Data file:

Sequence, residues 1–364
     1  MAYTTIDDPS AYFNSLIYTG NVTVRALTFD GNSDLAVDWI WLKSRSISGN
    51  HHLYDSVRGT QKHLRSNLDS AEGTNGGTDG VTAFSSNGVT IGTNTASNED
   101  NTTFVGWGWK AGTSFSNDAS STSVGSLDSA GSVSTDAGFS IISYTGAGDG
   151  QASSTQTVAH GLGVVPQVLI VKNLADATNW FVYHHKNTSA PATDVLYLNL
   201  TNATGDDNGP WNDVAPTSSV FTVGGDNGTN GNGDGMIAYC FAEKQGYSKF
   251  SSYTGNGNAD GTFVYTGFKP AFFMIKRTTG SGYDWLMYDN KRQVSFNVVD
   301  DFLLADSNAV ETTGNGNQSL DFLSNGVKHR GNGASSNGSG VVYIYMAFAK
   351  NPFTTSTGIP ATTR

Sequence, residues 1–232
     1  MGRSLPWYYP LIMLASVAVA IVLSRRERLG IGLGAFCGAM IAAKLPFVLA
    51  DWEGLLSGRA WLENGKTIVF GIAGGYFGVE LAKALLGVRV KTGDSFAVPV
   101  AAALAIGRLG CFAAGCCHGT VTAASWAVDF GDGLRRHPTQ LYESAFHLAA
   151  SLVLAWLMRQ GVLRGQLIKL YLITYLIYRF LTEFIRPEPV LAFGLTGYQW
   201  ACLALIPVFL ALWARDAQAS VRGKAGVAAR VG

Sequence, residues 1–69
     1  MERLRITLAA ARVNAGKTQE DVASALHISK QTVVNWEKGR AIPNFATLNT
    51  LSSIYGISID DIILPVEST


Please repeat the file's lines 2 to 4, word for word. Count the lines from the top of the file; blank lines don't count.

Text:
     1  MAYTTIDDPS AYFNSLIYTG NVTVRALTFD GNSDLAVDWI WLKSRSISGN
    51  HHLYDSVRGT QKHLRSNLDS AEGTNGGTDG VTAFSSNGVT IGTNTASNED
   101  NTTFVGWGWK AGTSFSNDAS STSVGSLDSA GSVSTDAGFS IISYTGAGDG